Authors:
; ; ;
Publication Date:
Research Org.:
Lawrence Livermore National Lab. (LLNL), Livermore, CA (United States)
Sponsoring Org.:
USDOE
OSTI Identifier:
908130
Report Number(s):
UCRL-PROC-230106
TRN: US0703640
DOE Contract Number:
W-7405-ENG-48
Resource Type:
Conference
Resource Relation:
Conference: Presented at: International Conference on Nuclear Data for Science and Technology 2007, Nice, France, Apr 16 - Apr 28, 2007
Country of Publication:
United States
Language:
English
Subject:
72 PHYSICS OF ELEMENTARY PARTICLES AND FIELDS; INERTIAL CONFINEMENT; LINEAR COLLIDERS; MANPOWER; NUCLEAR PHYSICS; PRODUCTION; SECURITY; STOCKPILES; TARGETS; DATA BASE MANAGEMENT; DATA COMPILATION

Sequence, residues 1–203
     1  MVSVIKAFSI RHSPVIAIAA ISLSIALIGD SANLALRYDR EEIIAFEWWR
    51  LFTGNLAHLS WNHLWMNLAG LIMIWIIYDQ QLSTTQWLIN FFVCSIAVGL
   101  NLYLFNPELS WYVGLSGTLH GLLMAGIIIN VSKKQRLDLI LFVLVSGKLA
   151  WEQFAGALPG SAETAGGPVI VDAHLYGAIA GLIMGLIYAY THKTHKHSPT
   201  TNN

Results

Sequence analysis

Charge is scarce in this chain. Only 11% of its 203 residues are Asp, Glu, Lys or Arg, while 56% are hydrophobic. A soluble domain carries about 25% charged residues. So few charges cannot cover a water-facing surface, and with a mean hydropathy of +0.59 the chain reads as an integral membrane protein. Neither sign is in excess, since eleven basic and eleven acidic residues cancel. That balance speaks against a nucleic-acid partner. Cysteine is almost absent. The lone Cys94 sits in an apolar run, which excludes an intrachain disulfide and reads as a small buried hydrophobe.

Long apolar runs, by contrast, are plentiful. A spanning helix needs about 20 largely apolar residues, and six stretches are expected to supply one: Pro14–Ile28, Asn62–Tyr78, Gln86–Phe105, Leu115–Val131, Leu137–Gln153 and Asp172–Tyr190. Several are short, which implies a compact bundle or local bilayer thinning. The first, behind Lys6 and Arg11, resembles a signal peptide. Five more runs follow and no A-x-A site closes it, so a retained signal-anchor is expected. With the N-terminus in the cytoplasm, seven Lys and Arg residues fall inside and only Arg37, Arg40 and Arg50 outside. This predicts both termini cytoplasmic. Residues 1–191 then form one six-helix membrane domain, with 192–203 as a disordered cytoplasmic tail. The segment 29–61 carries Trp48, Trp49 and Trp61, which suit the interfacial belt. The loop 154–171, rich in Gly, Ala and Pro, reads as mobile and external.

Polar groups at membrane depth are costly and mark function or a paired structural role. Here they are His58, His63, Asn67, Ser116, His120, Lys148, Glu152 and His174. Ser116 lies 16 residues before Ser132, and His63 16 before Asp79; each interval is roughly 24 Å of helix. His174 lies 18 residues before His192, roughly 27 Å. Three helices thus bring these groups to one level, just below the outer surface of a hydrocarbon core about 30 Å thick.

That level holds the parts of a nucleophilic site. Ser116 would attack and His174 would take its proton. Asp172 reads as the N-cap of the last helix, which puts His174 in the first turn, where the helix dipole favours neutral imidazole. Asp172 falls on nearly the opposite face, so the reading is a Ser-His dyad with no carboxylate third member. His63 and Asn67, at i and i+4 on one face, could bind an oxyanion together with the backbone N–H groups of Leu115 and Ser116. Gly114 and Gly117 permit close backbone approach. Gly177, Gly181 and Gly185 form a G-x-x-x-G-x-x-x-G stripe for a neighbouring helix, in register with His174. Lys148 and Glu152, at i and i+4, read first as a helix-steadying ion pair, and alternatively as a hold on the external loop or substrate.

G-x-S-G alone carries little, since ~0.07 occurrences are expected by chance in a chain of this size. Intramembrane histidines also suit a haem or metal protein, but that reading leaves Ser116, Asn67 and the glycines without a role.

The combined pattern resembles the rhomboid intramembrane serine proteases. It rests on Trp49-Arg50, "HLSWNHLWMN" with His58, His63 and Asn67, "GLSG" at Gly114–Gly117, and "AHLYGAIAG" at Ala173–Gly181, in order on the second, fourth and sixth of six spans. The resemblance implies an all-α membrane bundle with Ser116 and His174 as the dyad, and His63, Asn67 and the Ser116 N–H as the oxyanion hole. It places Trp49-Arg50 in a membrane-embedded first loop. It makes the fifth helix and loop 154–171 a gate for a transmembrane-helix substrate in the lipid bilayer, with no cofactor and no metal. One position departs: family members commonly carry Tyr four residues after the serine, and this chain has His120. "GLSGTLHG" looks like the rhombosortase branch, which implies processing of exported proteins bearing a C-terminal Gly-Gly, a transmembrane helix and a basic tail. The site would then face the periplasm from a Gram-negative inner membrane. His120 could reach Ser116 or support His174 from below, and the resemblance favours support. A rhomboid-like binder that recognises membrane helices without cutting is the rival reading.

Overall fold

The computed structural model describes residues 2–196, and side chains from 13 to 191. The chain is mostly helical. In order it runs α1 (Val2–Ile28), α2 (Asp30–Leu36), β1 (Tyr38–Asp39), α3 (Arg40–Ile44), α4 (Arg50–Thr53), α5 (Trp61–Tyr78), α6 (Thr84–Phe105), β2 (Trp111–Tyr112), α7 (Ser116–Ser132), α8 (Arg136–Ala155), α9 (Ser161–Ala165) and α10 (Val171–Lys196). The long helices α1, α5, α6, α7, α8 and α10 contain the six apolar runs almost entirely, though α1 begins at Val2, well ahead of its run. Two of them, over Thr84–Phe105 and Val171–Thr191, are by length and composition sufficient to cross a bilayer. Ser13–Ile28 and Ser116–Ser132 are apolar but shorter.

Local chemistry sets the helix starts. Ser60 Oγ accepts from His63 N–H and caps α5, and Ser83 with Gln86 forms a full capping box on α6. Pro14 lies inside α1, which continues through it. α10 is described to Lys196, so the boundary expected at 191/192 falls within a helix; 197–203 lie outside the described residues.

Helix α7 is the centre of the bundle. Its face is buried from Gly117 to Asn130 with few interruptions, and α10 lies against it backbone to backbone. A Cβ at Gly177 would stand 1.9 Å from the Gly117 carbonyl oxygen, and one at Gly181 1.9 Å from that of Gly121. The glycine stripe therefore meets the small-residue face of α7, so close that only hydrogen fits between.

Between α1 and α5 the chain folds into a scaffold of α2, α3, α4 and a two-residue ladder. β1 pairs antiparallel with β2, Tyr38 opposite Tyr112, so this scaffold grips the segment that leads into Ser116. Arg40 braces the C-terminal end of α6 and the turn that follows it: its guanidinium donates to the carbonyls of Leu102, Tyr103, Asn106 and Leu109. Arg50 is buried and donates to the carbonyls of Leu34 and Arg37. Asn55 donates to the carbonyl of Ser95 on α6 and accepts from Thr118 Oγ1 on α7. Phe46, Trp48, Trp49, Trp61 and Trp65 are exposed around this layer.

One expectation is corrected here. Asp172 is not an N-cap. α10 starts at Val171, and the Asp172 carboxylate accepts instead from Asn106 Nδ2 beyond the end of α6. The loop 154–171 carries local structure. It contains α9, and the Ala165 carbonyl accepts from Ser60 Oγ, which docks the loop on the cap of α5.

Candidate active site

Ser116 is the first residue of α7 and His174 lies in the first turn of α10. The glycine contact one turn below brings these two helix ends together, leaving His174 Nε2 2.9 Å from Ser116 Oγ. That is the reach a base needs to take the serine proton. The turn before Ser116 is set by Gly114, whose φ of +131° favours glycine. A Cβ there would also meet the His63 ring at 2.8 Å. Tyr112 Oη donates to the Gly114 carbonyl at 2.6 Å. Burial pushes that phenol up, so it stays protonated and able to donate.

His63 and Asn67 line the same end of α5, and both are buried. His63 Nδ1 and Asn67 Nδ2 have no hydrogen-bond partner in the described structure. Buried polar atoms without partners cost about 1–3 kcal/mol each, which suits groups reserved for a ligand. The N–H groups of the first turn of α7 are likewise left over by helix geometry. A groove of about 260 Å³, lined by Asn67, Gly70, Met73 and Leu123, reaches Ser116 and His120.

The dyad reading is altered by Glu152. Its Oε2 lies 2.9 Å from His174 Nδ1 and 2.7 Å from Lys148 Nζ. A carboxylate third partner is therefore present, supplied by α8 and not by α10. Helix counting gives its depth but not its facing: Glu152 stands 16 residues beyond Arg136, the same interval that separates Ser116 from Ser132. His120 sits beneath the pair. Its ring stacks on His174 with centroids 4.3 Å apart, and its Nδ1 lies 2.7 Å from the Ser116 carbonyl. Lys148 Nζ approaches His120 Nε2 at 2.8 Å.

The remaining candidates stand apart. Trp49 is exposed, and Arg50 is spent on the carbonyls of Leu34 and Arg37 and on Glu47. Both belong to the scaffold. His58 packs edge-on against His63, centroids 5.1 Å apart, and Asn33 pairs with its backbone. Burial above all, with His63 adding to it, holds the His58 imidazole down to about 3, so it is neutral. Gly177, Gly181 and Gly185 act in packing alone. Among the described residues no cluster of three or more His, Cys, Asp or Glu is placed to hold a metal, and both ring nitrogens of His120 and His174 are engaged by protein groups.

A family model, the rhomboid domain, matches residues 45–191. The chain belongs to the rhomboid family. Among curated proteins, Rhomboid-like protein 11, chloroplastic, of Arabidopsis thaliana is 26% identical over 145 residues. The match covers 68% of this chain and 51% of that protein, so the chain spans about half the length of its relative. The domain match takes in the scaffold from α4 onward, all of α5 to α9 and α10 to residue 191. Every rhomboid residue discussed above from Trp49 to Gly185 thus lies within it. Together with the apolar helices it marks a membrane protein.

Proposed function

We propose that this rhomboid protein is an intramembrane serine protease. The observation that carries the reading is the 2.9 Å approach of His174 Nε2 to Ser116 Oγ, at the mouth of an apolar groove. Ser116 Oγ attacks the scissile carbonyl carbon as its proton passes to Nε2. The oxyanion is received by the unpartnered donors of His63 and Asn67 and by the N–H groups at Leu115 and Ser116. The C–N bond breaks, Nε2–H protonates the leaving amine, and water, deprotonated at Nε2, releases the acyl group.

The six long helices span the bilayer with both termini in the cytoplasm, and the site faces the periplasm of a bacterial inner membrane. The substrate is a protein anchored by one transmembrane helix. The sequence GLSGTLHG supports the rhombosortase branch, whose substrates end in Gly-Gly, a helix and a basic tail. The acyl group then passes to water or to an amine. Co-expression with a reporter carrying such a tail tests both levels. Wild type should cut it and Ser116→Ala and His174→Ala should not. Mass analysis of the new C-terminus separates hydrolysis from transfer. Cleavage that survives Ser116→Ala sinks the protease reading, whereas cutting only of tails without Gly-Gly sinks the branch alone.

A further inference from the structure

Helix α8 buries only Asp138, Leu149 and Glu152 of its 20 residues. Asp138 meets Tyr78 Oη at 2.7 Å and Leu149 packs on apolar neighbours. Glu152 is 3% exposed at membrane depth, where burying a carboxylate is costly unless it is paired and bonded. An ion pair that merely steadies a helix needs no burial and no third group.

Citation Formats

Brown, D A, Vogt, R, Beck, B, and Pruet, J. High Energy Nuclear Database: A Testbed for Nuclear Data Information Technology. United States: N. p., 2007. Web.
Brown, D A, Vogt, R, Beck, B, & Pruet, J. High Energy Nuclear Database: A Testbed for Nuclear Data Information Technology. United States.
Brown, D A, Vogt, R, Beck, B, and Pruet, J. Wed . "High Energy Nuclear Database: A Testbed for Nuclear Data Information Technology". United States. doi:. https://www.osti.gov/servlets/purl/908130.
@article{osti_908130,
title = {High Energy Nuclear Database: A Testbed for Nuclear Data Information Technology},
author = {Brown, D A and Vogt, R and Beck, B and Pruet, J},